Contrary to what lucas announced (I don’t know where he got this info), we plan to release Squeeze with eglibc 2.11. It is already packaged in experimental and is ready on all architectures except hppa where there are a few major regressions in the testsuite to fix. This is what prevent us to upload it to unstable.
In the last weeks, I stopped being motivated to work on the eglibc package, it’s not fun as it was before. Maintaining this package is taking a lot of my (free) time, and I am not anymore able to follow the bug rate, especially for RC bugs or bugs that I consider high priority. In turn it does not give me time to integrate eglibc 2.11 or other wishlist features I would have liked to see (rework of the locales* packages, using multiarch paths, etc.).
I hope it’s only a bad moment and that things will change soon, so I can find time to work on GNU/kFreeBSD, QEMU or to do electronics. In any case you can help by handling bug reports or writing patches. Everything is in the BTS!
New features usually come with new versions. Before reporting a bug for a new feature, it may be a good idea to make sure you are using the latest version. apt-get can be really useful for that.
While testing EGLIBC 2.10.1 on all Debian architectures, I have discovered that the testsuite on IA-64 fails for the new POSIX 2008 math tests. I have reported the problem both upstream and on firstname.lastname@example.org, but without success.
IA-64 being one of the last architecture (with HPPA) on which EGLIBC 2.10.1 fails to build from sources, I have decided to spend my day fixing the problem and digging into the corresponding IA-64 assembly code. The mathematical functions on this architecture are based on the Highly Optimized Mathematical Functions for the Intel® Itanium™ Architecture. Using the Intel® Itanium™ Architecture Software Developer’s Manual and after a lot of tries, I have been able to add the missing code paths needed for POSIX 2008 compliance, and also fixed a few bugs on the stack frame allocation (arguments of the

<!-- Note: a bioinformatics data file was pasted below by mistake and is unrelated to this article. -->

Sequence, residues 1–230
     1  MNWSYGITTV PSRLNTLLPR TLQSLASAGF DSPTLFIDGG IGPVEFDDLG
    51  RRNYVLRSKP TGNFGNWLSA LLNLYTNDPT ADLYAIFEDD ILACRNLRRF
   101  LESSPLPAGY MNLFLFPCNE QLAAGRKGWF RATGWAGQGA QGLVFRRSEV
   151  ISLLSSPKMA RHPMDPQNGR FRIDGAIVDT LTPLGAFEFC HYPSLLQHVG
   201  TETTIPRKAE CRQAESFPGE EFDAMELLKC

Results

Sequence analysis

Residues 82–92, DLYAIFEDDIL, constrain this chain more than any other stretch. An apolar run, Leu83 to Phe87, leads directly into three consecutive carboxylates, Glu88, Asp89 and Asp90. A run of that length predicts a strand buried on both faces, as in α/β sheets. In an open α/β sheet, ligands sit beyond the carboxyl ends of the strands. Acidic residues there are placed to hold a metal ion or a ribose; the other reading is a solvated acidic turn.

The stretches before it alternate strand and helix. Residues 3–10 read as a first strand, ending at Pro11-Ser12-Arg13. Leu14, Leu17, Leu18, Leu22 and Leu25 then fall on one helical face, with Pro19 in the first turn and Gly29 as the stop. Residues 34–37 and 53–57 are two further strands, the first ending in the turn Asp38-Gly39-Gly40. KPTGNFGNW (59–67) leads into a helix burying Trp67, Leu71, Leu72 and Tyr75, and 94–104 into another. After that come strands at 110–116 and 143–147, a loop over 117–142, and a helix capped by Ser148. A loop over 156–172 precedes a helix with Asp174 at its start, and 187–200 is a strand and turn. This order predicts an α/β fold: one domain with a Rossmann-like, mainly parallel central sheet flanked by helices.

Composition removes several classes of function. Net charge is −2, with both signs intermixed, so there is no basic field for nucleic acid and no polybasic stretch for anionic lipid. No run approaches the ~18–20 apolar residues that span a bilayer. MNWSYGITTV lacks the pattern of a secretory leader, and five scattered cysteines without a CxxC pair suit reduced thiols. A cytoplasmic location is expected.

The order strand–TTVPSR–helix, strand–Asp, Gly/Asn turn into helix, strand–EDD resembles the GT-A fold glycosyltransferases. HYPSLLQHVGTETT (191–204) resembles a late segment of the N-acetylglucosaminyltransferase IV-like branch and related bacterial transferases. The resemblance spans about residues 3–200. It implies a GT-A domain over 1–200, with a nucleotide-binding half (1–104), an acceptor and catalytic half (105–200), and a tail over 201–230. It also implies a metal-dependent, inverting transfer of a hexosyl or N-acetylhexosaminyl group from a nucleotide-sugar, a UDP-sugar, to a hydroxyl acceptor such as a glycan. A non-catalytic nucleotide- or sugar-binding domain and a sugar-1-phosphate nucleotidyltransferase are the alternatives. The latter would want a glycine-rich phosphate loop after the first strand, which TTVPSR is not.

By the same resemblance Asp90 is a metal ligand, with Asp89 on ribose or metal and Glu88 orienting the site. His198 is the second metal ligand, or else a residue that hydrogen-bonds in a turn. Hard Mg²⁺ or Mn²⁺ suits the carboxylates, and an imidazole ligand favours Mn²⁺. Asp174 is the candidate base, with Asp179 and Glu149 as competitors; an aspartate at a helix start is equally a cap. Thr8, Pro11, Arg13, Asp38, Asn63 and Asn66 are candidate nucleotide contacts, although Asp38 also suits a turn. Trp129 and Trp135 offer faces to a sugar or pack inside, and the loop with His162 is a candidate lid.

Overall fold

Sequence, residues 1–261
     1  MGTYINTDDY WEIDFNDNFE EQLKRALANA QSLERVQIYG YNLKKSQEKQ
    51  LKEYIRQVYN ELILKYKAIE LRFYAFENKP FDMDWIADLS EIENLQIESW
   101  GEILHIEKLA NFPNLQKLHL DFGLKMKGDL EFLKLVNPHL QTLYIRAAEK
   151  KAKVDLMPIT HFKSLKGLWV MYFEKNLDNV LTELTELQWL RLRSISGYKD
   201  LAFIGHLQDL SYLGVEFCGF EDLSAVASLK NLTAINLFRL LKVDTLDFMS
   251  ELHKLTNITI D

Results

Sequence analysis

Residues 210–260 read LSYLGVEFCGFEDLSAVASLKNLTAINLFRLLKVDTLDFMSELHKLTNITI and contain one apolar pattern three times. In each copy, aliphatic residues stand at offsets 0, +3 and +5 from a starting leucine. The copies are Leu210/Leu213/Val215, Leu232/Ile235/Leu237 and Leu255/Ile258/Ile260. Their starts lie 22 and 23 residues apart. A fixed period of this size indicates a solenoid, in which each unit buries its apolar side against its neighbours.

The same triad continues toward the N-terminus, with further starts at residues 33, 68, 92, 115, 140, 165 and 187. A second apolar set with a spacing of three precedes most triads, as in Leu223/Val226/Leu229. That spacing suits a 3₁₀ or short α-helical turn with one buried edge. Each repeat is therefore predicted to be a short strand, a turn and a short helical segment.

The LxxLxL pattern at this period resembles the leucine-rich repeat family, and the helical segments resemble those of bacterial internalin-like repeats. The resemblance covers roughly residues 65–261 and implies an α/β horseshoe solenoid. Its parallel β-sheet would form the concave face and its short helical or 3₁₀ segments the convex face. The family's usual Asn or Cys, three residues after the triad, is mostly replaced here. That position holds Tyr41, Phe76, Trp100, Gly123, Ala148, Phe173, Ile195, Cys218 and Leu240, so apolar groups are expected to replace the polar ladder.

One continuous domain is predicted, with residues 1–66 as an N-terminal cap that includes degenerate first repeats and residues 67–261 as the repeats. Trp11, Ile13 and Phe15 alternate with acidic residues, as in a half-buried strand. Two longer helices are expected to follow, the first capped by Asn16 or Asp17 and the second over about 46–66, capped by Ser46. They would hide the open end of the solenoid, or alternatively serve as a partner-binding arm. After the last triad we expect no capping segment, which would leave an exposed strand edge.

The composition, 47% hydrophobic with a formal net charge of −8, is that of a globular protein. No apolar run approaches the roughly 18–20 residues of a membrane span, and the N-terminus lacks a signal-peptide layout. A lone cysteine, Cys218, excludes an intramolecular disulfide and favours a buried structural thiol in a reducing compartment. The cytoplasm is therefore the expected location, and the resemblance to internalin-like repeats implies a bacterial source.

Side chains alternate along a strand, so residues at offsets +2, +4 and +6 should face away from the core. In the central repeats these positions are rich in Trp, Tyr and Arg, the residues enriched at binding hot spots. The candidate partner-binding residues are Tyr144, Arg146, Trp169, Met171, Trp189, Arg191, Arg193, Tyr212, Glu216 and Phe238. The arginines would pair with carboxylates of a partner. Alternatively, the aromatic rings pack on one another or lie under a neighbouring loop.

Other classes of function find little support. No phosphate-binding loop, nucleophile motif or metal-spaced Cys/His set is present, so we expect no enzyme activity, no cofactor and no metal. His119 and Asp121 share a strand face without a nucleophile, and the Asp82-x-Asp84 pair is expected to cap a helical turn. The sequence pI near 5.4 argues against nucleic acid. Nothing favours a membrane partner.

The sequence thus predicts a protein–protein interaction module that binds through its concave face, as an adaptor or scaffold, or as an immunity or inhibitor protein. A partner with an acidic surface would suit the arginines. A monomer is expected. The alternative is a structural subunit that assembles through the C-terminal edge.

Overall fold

And more important, I have learned the basic about IA-64 assembly!
pub 4096R/1DDD8C9B 2009-05-09 Key fingerprint = 7746 2642 A9EF 94FD 0F77 196D BA9C 7806 1DDD 8C9B uid Aurelien Jarno <email@example.com> uid Aurelien Jarno <firstname.lastname@example.org> uid Aurelien Jarno <email@example.com> sub 4096R/C3FCA1A8 2009-05-09
I’ll get it signed by other Debian Developers tomorrow, during the Debian France meeting.
The EGLIBC is a variant of the GLIBC which stays source and binary compatible with the original GLIBC. While primarily targeted for embedded architectures, it has some really nice points:
- More friendly upstream (especially with regard to embedded architectures): “Encourage cooperation, communication, civility, and respect among developers” (as opposed to this).
- Stable branch with fixes for important bugs (a real one, not like the GLIBC one which is left unchanged).
- Better support for embedded architectures.
- Support for different shells (GLIBC only supports bash).
- Support for building with -Os.
- Configurable components (do we really need NIS or RPC support in debian-installer?).
- Better testsuite for optimized or biarch packages.
We do not use some of these features yet, but this upload is a first step. From the user point of view, the package names are unchanged (except the source package and the binary package containing the sources) so no transition is needed.
- AMD64 (Etch and Lenny)
- ARM (Etch and Lenny)
- ARMEL (Lenny)
- i386 (Etch and Lenny)
- MIPS (Etch and Lenny)
- MIPSEL (Etch and Lenny)
- PowerPC (Etch and Lenny)
- SPARC (Etch)
There is no Debian Lenny SPARC image available, as QEMU does not fully support SPARC64 yet, and Debian Lenny now only supports 64-bit kernels.
Note also that the README.txt files (which among other things contain the md5sums of the images) is now GPG signed. Read carefully these files as they contain details on how to use the images, and especially the minimum QEMU version to use.